Does the U.S. National Debt Make the Stock Market Uber-Risky?

What's a rising stock market good for in the face of a $17 trillion national debt?

Feb 2, 2014 at 11:36AM

In this video from Tuesday's Where the Money Is as part of the Motley Fool's "Ask a Fool" series, Fool banking analysts Matt Koppenheffer and David Hanson take a question from a Fool reader, who asks, "If the U.S. has a debt of $17 trillion how can a rising stock market ever be anything more than shuffling the deck chairs on the Titanic?"

Matt discusses that although the national debt number can seem frighteningly high, putting it in the perspective of historically low interest rates at the moment, combined with a growing economy, makes the U.S.'s ability to service that debt look much more optimistic. As well, from a historical perspective, the nation has faced debt-to-GDP ratios that were as high or even higher than current levels, and was able to pay down those debt levels while still growing the GDP year over year at a healthy rate.

Matt and David also look at the stock market, and note that investors shouldn't be making their investing decisions based on broader macroeconomic trends. Stock prices are based on the strength of the individual businesses on the market and analysts' expectations of those businesses, and examining the business should be the best place to turn to make informed stock investment decisions.

However, for those investors who are looking to diversify geographically away from the U.S., Matt gives three American companies that make a large percentage of their revenue internationally, whose stocks might be worth a look.

One upcoming hidden driver of the U.S. economy?
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David Hanson owns shares of American International Group. Matt Koppenheffer owns shares of Aflac, American International Group, and Citigroup. The Motley Fool recommends Aflac and American International Group. The Motley Fool owns shares of American International Group and Citigroup and has the following options: long January 2016 $30 calls on American International Group. Try any of our Foolish newsletter services free for 30 days. We Fools may not all hold the same opinions, but we all believe that considering a diverse range of insights makes us better investors. The Motley Fool has a disclosure policy.

4 in 5 Americans Are Ignoring Buffett's Warning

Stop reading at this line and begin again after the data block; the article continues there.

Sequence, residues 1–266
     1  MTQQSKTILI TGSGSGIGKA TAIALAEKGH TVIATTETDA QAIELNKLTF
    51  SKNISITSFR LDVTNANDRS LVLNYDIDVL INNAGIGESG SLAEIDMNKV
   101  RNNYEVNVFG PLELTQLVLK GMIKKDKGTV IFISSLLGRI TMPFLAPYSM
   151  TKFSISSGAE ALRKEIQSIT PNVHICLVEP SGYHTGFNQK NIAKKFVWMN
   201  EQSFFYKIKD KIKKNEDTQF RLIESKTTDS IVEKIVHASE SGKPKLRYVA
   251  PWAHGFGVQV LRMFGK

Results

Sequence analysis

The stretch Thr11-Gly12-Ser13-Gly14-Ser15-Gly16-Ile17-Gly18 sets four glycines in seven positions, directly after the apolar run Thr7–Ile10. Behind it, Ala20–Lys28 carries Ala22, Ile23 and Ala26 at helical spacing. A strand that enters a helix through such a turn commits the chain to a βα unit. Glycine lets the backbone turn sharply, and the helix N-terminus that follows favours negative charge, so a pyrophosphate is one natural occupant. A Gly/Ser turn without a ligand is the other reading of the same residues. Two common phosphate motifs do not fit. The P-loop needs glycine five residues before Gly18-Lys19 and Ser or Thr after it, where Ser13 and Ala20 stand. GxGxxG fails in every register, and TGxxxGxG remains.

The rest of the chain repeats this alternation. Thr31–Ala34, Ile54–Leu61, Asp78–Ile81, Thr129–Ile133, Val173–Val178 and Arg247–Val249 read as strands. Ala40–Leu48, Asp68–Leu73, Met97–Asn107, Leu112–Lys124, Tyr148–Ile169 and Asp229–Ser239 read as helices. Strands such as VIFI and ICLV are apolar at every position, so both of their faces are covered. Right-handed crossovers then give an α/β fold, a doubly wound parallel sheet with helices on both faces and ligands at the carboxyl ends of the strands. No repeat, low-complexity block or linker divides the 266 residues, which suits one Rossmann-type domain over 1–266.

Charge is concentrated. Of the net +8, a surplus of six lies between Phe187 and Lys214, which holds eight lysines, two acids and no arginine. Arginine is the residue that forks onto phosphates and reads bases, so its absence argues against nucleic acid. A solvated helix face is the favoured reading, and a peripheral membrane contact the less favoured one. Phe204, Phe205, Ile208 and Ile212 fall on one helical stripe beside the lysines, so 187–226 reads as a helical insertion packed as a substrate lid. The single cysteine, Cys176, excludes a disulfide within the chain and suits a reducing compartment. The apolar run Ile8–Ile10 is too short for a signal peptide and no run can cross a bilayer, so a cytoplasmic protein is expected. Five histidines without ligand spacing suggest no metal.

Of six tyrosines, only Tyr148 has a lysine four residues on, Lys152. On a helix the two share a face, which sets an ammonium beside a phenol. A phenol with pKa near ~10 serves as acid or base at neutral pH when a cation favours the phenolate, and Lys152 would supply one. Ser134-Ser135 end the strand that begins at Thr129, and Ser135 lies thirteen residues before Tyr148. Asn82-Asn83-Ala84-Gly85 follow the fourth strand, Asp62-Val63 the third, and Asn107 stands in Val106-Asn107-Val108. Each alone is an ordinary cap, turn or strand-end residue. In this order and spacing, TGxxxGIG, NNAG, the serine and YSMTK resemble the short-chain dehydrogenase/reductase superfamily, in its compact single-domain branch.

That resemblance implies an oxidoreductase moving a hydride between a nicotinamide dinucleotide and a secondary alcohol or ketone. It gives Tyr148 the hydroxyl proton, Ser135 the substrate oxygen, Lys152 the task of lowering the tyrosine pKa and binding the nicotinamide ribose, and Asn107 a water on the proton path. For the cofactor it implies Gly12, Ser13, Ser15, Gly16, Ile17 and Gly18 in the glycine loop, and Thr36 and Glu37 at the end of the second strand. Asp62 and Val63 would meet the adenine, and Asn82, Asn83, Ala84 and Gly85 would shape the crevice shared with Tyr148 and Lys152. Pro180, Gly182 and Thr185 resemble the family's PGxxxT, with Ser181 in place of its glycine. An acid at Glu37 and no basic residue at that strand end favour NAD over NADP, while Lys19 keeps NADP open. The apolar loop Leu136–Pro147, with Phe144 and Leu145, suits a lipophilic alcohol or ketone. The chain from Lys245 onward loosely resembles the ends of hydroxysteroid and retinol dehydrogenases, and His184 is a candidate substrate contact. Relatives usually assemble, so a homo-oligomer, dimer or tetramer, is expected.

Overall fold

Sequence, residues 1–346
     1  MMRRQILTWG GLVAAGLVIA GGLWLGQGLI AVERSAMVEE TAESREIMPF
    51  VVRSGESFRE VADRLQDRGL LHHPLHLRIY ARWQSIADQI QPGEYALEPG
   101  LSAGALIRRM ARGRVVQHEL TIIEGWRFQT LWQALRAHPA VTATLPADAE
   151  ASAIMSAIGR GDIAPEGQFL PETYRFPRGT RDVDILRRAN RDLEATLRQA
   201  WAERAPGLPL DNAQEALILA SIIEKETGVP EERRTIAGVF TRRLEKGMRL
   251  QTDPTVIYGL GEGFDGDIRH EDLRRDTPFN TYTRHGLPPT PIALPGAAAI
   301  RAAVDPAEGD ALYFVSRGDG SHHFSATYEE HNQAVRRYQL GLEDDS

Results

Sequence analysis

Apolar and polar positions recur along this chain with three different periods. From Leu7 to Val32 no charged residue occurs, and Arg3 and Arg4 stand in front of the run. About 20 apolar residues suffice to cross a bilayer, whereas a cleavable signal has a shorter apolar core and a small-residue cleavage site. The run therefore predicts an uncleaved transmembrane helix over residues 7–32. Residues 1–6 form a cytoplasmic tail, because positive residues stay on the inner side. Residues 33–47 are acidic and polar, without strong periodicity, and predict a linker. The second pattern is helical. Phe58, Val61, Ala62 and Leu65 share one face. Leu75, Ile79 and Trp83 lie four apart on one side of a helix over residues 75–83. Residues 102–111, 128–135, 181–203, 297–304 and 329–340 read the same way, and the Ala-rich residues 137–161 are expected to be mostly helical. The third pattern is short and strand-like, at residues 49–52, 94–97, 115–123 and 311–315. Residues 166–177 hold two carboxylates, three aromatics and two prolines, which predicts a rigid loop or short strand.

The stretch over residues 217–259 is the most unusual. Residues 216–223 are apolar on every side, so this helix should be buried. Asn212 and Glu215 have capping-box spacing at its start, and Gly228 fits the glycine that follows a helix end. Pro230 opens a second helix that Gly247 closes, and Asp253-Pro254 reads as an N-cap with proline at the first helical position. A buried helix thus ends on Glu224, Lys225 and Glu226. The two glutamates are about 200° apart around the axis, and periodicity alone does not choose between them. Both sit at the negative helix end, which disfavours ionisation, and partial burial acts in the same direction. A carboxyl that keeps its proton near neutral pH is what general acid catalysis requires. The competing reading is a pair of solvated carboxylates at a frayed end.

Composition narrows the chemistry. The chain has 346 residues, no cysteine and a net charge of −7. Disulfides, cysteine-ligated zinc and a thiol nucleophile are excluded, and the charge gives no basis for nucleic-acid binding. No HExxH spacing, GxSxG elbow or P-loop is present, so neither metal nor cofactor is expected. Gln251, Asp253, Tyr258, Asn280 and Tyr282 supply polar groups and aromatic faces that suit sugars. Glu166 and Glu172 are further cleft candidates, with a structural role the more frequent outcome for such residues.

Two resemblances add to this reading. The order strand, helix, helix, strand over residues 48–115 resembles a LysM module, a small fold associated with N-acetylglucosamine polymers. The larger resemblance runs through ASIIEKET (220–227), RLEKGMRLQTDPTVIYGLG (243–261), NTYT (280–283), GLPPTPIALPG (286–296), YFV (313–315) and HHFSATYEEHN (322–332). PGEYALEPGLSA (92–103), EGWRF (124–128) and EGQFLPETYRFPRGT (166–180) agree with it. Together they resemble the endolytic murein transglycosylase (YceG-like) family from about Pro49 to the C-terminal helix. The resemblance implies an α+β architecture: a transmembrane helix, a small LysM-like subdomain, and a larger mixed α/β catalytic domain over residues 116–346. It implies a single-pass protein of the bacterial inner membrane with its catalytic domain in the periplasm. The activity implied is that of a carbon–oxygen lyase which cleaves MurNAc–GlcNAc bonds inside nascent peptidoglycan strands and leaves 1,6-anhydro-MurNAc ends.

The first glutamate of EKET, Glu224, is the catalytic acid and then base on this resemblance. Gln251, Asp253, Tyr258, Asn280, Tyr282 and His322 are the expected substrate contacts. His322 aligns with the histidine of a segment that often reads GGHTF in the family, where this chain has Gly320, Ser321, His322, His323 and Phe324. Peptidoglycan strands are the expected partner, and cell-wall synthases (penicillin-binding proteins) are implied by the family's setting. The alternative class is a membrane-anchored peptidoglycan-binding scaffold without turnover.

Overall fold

Don't be one of them.

Jun 12, 2015 at 5:01PM

Admitting fear is difficult.

So you can imagine how shocked I was to find out Warren Buffett recently told a select number of investors about the cutting-edge technology that's keeping him awake at night.

This past May, The Motley Fool sent 8 of its best stock analysts to Omaha, Nebraska to attend the Berkshire Hathaway annual shareholder meeting. CEO Warren Buffett and Vice Chairman Charlie Munger fielded questions for nearly 6 hours.
The catch was: Attendees weren't allowed to record any of it. No audio. No video. 

Our team of analysts wrote down every single word Buffett and Munger uttered. Over 16,000 words. But only two words stood out to me as I read the detailed transcript of the event: "Real threat."

That's how Buffett responded when asked about this emerging market that is already expected to be worth more than $2 trillion in the U.S. alone. Google has already put some of its best engineers behind the technology powering this trend. 

The amazing thing is, while Buffett may be nervous, the rest of us can invest in this new industry BEFORE the old money realizes what hit them.

KPMG advises we're "on the cusp of revolutionary change" coming much "sooner than you think."

Even one legendary MIT professor had to recant his position that the technology was "beyond the capability of computer science." (He recently confessed to The Wall Street Journal that he's now a believer and amazed "how quickly this technology caught on.")

Yet according to one J.D. Power and Associates survey, only 1 in 5 Americans are even interested in this technology, much less ready to invest in it. Needless to say, you haven't missed your window of opportunity. 

Think about how many amazing technologies you've watched soar to new heights while you kick yourself thinking, "I knew about that technology before everyone was talking about it, but I just sat on my hands." 

Don't let that happen again. This time, it should be your family telling you, "I can't believe you knew about and invested in that technology so early on."

That's why I hope you take just a few minutes to access the exclusive research our team of analysts has put together on this industry and the one stock positioned to capitalize on this major shift.

Click here to learn about this incredible technology before Buffett stops being scared and starts buying!

David Hanson owns shares of Berkshire Hathaway and American Express. The Motley Fool recommends and owns shares of Berkshire Hathaway, Google, and Coca-Cola.We Fools don't all hold the same opinions, but we all believe that considering a diverse range of insights makes us better investors. The Motley Fool has a disclosure policy.

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